Trump Responds After Supreme Court Grants Review of His Presidential Immunity Appeal

Caden Pearson
By Caden Pearson
February 29, 2024Donald Trump
Trump Responds After Supreme Court Grants Review of His Presidential Immunity Appeal
Republican presidential candidate and former U.S. President Donald Trump speaks at the Conservative Political Action Conference (CPAC) at the Gaylord National Resort Hotel And Convention Center in National Harbor, Md., on Feb. 24, 2024. (Anna Moneymaker/Getty Images)

Former President Donald Trump thanked the Supreme Court on Wednesday for agreeing to review the question of whether presidential immunity applies to a federal criminal case related to his efforts to challenge the 2020 elections.

“Legal scholars are extremely thankful for the Supreme Court’s decision today to take up presidential immunity. Without presidential immunity, a president will not be able to properly function or make decisions in the best interest of the United States of America,” the former president wrote on Truth Social.

President Trump reiterated an argument that both he and his attorneys have put forward: that an absence of presidential immunity would only invite partisan retaliation by opposing administrations and open former presidents up to prosecution for official acts.

“Presidents will always be concerned, and even paralyzed, by the prospect of wrongful prosecution and retaliation after they leave office,” he added.

The former president said that this could lead to extortion and blackmail of a president, who might face threats even before they leave office.

Court Grants Review

On Wednesday, the Supreme Court granted certiorari, or review, of a lower court’s ruling in the criminal case charging President Trump for his actions on Jan. 6, 2021.

President Trump faces four charges in this case. They include one count of obstructing the government, one count of conspiracy to obstruct the government, one count of conspiracy to defraud the government, and one count of conspiracy to violate the voting rights of Americans.

Escalating the case to the nation’s highest court, he filed a petition with Chief Justice John Roberts asking for a stay on all lower court proceedings, while special counsel Jack Smith asked the court to treat the petition as a request for review.

Per the new order, the request for a stay was dismissed as moot because granting review effectively does the same, halting lower court proceedings until the high court sends down its judgment.

Instead, the Supreme Court combined the various questions presented by the former president and special counsel.

The court limited the question that the parties may argue to: “Whether and, if so, to what extent does a former president enjoy presidential immunity from criminal prosecution for conduct alleged to involve official acts during his tenure in office.”

The special counsel argued that presidential immunity does not extend to criminal prosecution, while defense attorneys argue that a president’s official acts while in office are covered.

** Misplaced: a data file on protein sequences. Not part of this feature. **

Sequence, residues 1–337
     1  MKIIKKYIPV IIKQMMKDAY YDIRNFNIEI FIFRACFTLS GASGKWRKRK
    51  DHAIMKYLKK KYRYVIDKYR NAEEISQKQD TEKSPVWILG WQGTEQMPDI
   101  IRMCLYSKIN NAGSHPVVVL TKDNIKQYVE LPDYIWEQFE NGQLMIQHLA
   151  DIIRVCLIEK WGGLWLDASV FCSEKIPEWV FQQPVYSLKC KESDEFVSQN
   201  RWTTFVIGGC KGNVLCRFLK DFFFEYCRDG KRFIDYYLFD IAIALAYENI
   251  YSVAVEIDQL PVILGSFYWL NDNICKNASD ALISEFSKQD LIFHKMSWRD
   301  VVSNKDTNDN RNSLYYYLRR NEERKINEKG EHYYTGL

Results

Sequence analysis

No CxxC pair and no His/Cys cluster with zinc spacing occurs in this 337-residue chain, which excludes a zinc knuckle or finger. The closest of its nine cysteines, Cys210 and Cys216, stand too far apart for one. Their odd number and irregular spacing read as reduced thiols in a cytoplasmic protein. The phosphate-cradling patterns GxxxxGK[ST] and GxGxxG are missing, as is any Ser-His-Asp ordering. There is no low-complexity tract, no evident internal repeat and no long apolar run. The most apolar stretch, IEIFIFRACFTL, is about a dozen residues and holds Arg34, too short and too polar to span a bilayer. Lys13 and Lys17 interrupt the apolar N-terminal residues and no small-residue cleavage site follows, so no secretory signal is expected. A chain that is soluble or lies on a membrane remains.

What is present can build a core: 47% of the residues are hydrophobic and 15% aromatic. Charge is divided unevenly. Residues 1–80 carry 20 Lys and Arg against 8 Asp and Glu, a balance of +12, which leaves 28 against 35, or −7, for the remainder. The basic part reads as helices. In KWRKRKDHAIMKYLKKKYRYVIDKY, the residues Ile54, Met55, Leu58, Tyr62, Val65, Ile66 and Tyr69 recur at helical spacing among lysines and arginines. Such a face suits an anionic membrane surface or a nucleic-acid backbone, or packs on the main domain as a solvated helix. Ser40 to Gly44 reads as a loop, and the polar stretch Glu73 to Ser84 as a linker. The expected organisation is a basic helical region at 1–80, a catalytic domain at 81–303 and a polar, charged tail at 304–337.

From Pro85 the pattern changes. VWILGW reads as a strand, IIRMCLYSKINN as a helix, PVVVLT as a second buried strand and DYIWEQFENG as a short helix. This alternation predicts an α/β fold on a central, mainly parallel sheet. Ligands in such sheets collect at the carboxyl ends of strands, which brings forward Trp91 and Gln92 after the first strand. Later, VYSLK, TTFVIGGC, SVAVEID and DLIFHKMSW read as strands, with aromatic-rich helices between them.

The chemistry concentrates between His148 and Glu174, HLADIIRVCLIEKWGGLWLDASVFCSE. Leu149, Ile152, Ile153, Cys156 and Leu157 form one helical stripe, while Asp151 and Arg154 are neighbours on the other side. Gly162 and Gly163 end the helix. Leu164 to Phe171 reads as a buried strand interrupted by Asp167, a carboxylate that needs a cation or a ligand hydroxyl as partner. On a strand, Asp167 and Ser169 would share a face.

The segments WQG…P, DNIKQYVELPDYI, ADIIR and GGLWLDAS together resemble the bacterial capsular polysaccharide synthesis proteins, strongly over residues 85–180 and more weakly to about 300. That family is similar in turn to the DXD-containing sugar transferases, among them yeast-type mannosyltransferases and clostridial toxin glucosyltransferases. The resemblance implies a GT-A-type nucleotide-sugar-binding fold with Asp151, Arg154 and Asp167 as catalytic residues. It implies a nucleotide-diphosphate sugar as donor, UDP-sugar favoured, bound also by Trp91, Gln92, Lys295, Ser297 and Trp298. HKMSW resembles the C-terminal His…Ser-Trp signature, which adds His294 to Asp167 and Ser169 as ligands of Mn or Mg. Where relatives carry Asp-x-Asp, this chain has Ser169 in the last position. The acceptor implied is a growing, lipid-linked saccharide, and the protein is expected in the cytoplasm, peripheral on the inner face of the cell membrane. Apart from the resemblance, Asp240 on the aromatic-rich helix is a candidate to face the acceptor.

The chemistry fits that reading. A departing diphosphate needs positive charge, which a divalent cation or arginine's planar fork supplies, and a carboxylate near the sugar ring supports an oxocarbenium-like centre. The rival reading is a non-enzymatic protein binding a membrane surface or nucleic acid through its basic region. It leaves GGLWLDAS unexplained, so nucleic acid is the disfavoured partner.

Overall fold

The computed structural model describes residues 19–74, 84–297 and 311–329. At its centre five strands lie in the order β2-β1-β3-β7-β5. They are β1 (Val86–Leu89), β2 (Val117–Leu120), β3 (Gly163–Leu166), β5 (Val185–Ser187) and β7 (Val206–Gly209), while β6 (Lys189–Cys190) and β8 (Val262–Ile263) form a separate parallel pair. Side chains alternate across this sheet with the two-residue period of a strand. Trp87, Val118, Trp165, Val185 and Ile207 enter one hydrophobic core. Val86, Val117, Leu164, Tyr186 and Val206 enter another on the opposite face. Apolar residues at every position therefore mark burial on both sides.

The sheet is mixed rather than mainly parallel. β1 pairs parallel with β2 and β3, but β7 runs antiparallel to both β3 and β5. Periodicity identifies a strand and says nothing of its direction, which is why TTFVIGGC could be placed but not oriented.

Presidential Immunity

The Supreme Court defined the concept of presidential immunity in a 1982 case, in which former President Richard Nixon was sued by a former military contractor who was fired, alleging that the president’s policies were to blame.

Presidential immunity from civil lawsuits was deemed “absolute” by the high court, which ruled that it extended to the “outer perimeter” of the office.

Such is the argument of President Trump’s attorneys, who say that his actions on Jan. 6 were within his official duties as a president who was taking election integrity seriously.

Meanwhile, the special counsel has argued that such immunity does not apply to those actions because what he is pursuing is a criminal and not civil case.

The issue of whether presidents have immunity from criminal prosecution has never been addressed by the Supreme Court, making it untested legal territory.

Road to the High Court

During lower court proceedings last year, President Trump had originally sought to dismiss the case based on presidential immunity.

These proceedings were originally heading toward a trial in the case on March 4, after being delayed for months.

Attorneys for the former president took the case to the appeals court after U.S. District Court Judge Tanya Chutkan rejected the motion to dismiss in December.

On Feb. 16, a federal appeals court rejected the presidential immunity defense and withheld its mandate on the condition that President Trump take the case to the high court by Feb. 12.

In its order on Wednesday, the Supreme Court directed the appeals court, “without expressing a view on the merits,” to “continue withholding issuance of the mandate” until the high court renders its judgment.

The appeals court’s Feb. 12 order bypassed the usual practice of an appellant seeking a rehearing by the full bench of the appeals court, which could have delayed the proceedings by a few more months.

From there, President Trump’s attorneys brought the case to the high court, asking for a stay of all lower court proceedings as they appeal the question of presidential immunity.

With the Supreme Court agreeing to review the case, oral arguments will be heard in the week of April 22. No specific date has been set at this stage.

The order specified the timeline for filing briefs and any amicus curiae briefs by March 19. Prosecutors must respond by April 8, after which President Trump can file a reply brief by April 15 before it goes to oral arguments.

Catherine Yang contributed to this report.

From The Epoch Times

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